Sniper in modern warfare is a valuable asset. All sides of the conflict saw the value in a sniper, and no side has ever said that it is immoral or wrong in any way. A sniper is very aware that things will go well for him if captured by the enemy.
Snipers through history
I don’t know if it is right to say a good sniper as the enemy certainly doesn’t see it that way, so I will say an experienced sniper. An experienced sniper, let’s say Sergeant York US Army during WWI, always went for the last man in a string of marching soldiers, just as he went for the previous goose as a gaggle was flying past to put on the table. The others wouldn’t be aware as the action has taken place behind them.
If the front guy or goose struck, those following would quickly dissipate. York would keep taking out the rearmost target and bag several kills. He also realized in the trench warfare that if you occupy the enemy flank, i.e., the side of the row, you could keep firing as each man fell. Only one could fire back at a time, and he just had to be quicker with the bolt and reload.
The sniper was then considered sneaky. They were loaners in the two world wars, and everyone looked at a sneaky loaner with great suspicion. The Russian snipers would take out officers and those soldiers sent out to repair or lay communication lines. This was highly effective.
War took a move to the point of sheer chill when it found that an injured soldier took many more of the enemy out of the fight. It put a strain on resources and caused logistical problems behind the lines. So the clean kill of the sniper unless on an important target was becoming unsuccessful compared with anti-personnel mines and some improvised devices.
In the Korean war, the number of injured soldiers increased to such an extent that the only way to deal with the casualties was to have mobile hospitals MASH. Troops could be patched up and sent back much more efficiently with helicopters and medivac units.
The Vietnam conflict was a new era in combat strategy. Sharpened bamboo sticks were placed in shallow holes lightly covered with shrubs. The soldier’s weight was enough for the pointed sticks to penetrate boot soles and flesh, ergo, out one GI. Put a bit of garlic or festering dung in the bamboo hollow, and the infection would keep a GI in the hospital for weeks.
The Viet Cong also had snipers and purposely wound the lead soldier to lure others to help. That way, they knew that they would kill or injure many more. American snipers found that the same was not true of the Viet Cong soldiers they shot to wound. Rather than risk their small platoon, they would find a different route and leave their comrade to their fate. Theirs was an ideological struggle, and fanatics are not sentimental in conflict.
The Vietnam war was a brutal war to fight. Not only did the enemy have underground tunnels, but they also used neighboring Cambodia to move troops. Legitimately the US and allies could not use Cambodia, and the frustration must have been almost unbearable for commanders. Also, how can you tell a South Vietnamese from a North Vietnamese? The NVA wore uniforms and were easily identified; the Viet Minh mainly wore black, as did the Viet Cong, and the only way to tell friend from foe at a distance was the distinctive outline of the AK rifle and extended curved magazine.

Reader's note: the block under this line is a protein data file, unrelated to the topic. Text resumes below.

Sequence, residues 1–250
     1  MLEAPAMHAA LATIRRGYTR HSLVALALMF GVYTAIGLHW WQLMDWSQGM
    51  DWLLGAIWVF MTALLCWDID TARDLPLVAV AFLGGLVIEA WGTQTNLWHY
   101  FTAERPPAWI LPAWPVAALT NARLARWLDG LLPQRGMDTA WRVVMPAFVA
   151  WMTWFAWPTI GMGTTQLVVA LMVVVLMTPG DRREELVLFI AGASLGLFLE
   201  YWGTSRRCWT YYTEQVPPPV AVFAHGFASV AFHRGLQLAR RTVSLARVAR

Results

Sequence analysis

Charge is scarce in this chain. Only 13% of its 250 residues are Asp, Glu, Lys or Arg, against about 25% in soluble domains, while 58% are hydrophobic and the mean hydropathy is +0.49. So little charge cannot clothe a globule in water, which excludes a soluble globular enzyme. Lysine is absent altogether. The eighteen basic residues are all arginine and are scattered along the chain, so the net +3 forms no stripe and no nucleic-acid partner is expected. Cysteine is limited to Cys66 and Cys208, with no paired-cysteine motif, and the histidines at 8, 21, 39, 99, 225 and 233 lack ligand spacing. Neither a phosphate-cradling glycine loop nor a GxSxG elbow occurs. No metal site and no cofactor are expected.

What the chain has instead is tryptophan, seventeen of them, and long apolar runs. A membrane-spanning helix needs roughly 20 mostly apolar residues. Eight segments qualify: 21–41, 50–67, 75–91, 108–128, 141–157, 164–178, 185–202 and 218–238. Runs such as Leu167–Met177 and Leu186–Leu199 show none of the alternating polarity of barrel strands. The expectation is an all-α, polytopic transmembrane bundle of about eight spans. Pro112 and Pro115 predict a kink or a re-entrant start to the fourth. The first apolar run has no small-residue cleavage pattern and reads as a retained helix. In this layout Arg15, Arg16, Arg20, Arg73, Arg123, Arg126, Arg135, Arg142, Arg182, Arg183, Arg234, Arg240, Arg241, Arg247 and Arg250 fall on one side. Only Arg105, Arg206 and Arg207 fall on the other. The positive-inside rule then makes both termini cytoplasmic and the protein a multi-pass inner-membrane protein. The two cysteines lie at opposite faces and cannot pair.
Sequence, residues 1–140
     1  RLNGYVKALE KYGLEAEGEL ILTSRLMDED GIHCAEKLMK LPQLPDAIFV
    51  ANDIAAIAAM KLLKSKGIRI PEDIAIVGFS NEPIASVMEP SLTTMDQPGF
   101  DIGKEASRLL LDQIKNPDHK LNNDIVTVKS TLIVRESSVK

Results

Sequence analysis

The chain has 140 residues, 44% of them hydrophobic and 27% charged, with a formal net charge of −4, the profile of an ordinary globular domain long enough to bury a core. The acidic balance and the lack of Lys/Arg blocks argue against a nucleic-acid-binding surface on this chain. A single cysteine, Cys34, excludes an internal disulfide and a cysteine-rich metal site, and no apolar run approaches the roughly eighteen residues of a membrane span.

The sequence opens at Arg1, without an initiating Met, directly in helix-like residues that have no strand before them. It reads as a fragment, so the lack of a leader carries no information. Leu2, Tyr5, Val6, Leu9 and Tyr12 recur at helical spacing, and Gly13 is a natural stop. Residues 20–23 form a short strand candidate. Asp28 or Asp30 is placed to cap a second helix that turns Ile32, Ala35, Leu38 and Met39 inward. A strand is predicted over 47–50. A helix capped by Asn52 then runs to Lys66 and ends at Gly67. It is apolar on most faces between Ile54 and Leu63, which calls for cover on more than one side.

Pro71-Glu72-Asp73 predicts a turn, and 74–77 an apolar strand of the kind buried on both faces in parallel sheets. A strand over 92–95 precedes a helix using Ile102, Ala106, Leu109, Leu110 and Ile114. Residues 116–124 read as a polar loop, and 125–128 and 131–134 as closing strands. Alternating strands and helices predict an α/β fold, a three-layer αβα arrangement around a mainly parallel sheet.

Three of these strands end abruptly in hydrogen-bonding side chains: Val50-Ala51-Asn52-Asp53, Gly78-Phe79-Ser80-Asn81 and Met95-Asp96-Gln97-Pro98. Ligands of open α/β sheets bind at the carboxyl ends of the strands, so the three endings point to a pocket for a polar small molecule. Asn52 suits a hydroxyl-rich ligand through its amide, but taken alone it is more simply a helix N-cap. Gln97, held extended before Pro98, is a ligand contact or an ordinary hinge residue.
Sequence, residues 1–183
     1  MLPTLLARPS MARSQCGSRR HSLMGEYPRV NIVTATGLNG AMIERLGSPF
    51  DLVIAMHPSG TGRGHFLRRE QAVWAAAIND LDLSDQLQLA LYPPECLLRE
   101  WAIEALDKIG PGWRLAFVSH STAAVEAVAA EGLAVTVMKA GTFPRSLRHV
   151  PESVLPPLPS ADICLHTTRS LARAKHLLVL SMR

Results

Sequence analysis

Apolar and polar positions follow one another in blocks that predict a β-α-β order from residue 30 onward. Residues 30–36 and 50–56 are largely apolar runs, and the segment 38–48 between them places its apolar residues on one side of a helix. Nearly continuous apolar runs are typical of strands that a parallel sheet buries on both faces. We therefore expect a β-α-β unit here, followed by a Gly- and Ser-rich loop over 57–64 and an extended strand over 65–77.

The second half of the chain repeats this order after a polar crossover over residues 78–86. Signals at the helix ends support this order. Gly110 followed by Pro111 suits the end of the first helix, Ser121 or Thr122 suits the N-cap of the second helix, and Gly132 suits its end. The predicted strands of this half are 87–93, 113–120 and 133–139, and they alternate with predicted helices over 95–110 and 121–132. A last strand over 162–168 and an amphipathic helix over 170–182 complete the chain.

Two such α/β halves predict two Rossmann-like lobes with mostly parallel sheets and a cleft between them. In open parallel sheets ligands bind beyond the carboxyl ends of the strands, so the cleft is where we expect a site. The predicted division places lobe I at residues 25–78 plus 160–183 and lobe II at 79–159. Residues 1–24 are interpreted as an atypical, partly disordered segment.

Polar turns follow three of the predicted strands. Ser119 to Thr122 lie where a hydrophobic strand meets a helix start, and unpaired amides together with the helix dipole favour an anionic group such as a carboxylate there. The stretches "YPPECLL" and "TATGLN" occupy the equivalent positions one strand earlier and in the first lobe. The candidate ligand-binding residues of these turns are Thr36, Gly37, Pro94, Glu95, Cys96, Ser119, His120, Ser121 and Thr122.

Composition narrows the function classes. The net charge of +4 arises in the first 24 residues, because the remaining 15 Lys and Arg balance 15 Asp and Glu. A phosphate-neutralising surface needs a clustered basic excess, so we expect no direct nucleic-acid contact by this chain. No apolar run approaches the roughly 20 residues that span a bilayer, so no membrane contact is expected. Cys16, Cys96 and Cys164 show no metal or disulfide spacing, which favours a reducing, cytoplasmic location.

The North Vietnamese treated all enemies the same. It did not matter to them that it was a sniper or an airman; they would be treated in the same brutal way. As for North Vietnamese snipers, I think they were dispatched impassionately as they had no intel that would be useful. Not necessarily an execution, but more likely during the heat of a firefight as described in most dispatches.
Role of the sniper in modern warfare
More modern warfare continues the use of snipers as part of a team of specialists. Mainly two trained snipers would set up, one with his rifle and the other a spotter. They would be watching over another team of perhaps marines that were doing house to house.
Chris Kyle, US Navy Seal, was one such sniper during the Iraq war. His role as the sniper in modern warfare was portrayed in the Hollywood-blockbuster American Sniper. Had he been captured, then Chris Kyle would have broadcasted his fate for the world to see. Not because he was a sniper, but because he stopped Marines from being killed by taking out threats from huge distances and removed the carnage that was the Iraqi’s desire. He had a price on his head.
A sniper has the ability to get up close and personal. Unlike most other soldiers, the sniper sees the eyes of his target. Does he wonder what sort of husband the target is, whether he has children or but for circumstances out of his control, is this usually a good man? If he allowed himself the luxury to wonder all the things you or I might consider, he knows he cannot make the shot. Not because of sentiment, but because he needs all his composure to aim small, shoot small.
That is why he has been selected for the task. A hitman for the Mafia will always clear his conscience by telling the victim that ‘it ain’t positional’ before shooting him behind the ear. It cannot be personal because the mind must be full of the precision needed. It is, however, personal for the comrades of the target. The stray bullet with his name on it didn’t happen… this shot was designed and not in the hands of the gods.